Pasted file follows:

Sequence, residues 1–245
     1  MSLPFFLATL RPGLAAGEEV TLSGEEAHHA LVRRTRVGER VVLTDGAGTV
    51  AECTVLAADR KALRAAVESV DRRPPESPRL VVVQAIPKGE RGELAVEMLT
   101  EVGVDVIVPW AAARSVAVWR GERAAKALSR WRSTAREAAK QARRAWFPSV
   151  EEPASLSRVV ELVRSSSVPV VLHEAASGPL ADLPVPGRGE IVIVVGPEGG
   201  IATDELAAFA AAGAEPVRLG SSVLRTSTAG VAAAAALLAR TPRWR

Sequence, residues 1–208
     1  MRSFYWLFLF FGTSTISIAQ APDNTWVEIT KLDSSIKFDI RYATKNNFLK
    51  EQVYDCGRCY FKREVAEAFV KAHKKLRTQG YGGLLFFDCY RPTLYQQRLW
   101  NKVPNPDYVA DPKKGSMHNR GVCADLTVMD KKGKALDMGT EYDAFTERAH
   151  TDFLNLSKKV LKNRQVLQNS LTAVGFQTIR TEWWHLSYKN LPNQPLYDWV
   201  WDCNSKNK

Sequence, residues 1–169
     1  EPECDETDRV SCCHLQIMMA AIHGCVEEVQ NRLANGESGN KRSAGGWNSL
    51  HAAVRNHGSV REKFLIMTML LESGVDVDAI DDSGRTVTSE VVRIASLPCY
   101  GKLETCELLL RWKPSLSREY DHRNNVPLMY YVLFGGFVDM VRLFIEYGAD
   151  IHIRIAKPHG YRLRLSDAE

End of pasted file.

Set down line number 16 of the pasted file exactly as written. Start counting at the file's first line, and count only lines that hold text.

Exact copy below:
   101  GKLETCELLL RWKPSLSREY DHRNNVPLMY YVLFGGFVDM VRLFIEYGAD